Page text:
Item description: Letter, 5 January 1862, from Jeremy Francis Gilmer, a Major of Engineers in the Confederate States of America Army, to his wife “Loulie,” Louisa Fredericka Alexander Gilmer. Gilmer wrote of the wintry weather and the relative softness and scratchiness of merino and flannel undergarments sent by his wife, Confederate treatment of a captured wounded Union officer, the anticipated arrival of a Colonel John Bowen’s wife, and the possibilities for Yankee attacks.
Item citation: from folder 41 in the Jeremy Francis Gilmer Papers #276, Southern Historical Collection, Wilson Library, University of North Carolina at Chapel Hill.
Bowling Green, Ky:
(Sunday) January 5th 1862
My dear Loulie:
Without any thing of import to say I have commenced a hurried note to you. Simply to say that I am well and still at Gowling Green. _ We are in the midst of rain and mud, with every indication of a continuance of like discomforts for some time to come. Every thing around us is very dull and tedious, & I am coming fast to the conclusion that we are to remain in the same dull condition for the rest of the winter. We certainly will, if we wait for the bold Yankees to come and attack us in our present position. The risk of attacking Bowling Green with its intrenchments is too great for them, and they cannot venture to pass us by, to the right or the left_thus exposing their flank & rear to our attack at will. The result will be, most likely, that both armies will remain in status quo until next spring _ A winter campaign in Kentucky is next to an impossibility_.
A few days ago, Col: Mackall wrote a note to Prince making inquiries in regard to his wounds and his accommodations at Nashville_ This evening, a note was received from Capt Prince in reply, in which he says his wound is reported by his doctor to be doing well, and that he wants for nothing — being comfortably provided for. I was very glad to hear this, so that he & other northern people may know that we are not Barbarians, if we are “Rebels”! I think I told you that the Yankee troops sent as Princes Escort ran off and left him as soon as a small body of Genl: Zollicoffers men advanced towards them, leaving Prince & his assistant—a man by the name of Helveti at the mercy of our dragons who captured them as they attempted to retreat after their men.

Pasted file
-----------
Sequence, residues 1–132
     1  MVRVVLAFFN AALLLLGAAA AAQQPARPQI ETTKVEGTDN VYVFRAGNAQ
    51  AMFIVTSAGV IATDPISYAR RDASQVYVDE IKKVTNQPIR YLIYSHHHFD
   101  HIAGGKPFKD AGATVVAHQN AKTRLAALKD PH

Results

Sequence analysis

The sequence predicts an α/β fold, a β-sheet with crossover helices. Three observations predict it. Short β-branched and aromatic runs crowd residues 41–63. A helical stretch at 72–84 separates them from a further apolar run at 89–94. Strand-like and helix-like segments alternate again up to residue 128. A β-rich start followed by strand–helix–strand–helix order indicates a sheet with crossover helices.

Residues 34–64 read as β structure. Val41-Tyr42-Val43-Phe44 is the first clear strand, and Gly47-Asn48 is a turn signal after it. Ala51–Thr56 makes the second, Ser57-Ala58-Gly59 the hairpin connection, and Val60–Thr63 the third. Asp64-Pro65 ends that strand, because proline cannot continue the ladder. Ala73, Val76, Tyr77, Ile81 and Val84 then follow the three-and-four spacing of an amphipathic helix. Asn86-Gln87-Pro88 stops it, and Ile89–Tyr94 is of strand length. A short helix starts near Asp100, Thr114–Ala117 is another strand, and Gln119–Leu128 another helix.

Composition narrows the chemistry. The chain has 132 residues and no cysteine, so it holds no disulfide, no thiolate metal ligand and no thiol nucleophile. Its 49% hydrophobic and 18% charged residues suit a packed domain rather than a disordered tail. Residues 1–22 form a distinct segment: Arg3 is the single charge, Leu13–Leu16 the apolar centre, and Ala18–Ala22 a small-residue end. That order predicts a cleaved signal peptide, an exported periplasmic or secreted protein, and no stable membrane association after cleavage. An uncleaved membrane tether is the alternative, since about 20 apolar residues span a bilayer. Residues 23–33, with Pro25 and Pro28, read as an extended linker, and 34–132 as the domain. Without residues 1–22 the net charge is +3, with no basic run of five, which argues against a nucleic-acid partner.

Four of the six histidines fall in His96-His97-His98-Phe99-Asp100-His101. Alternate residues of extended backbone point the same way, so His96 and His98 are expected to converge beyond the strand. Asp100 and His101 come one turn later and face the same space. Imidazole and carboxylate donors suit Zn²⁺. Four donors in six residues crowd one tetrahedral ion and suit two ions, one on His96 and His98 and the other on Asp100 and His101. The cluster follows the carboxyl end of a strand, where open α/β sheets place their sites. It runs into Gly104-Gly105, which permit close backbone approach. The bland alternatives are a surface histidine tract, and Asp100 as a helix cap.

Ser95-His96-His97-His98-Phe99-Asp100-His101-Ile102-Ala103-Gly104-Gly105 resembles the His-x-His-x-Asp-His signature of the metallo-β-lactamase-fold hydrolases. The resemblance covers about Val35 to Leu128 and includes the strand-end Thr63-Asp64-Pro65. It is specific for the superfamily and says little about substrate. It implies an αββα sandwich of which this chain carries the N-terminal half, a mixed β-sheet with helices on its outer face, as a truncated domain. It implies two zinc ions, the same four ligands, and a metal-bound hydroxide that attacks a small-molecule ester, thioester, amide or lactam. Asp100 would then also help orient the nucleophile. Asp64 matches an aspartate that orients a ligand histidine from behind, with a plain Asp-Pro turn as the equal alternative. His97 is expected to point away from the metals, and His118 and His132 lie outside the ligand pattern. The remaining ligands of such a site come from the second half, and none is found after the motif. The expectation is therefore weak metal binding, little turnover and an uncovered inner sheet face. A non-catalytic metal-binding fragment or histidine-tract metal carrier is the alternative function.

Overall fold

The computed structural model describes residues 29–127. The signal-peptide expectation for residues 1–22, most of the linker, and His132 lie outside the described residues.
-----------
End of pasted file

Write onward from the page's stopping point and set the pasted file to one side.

Monday, 6th _ I was interrupted last evng and this morning, being up a little sooner than others of our mess, I will scratch you a line or two before breakfast.
James being about out of shoes & boots I have let him go to Nashville to get some; he is just off in the cars and will return tomorrow. He is very proud of the comfortable shirt you sent him in the box. By the bye I have been wearing one of the red merino under-shirts for the past three or four days and they are charming – soft and warm. I am wearing also a pair of the home made – flannel drawers and I like them much – do not object to the degree of scratching which mine can do—I think those you sent to Mackall are one of a more scratchy quality? He is wearing a pair and when we were riding together yesterday – (he on a restless horse) – he said “the horse and the new drawers won’t leave much skin on my legs by the time we get back” from which I inferred they scratched some. You have heard from him on the subject if you recd his letter of the 4th in which he spoke in his peculiar way, for himself
It is reported that John Bowen – (now a col: in Provisional Army – ) is expecting his wife here in a few days, this to the surprise of most of us. Bowling Green is certainly a very awkward place for a lady to live. She has been with him however for several months past while he was at Mayfield, not far from Columbus, Ky: – breakfast bell.
I have just returned from a long cold ride up the banks of the Barren river, where I went to examine with Case as to the facility there might be for our enemy to cross to our side __ A part of the day a little snow fell, but it was too cold to snow much, and I was, at one time, almost frozen. It will freeze hard to night _ every thing indicates real winter weather.
I expected a letter from you by last evening’s mail, but none came _ to night I expect to be more fortunate, a letter from you with the good news that all’s well – and all in no danger from our ruthless enemy
Give my love to our dear children—to Aunt Loulie, and to yourself and my kindest regards to your Uncle. Let me know when you receive the statement enclosed in my former letter, in reference to the stock sold to me by Mr. Banning. – and what your Uncle thinks will be the probable actions of the courts in the case — Goodbye — J.F.G.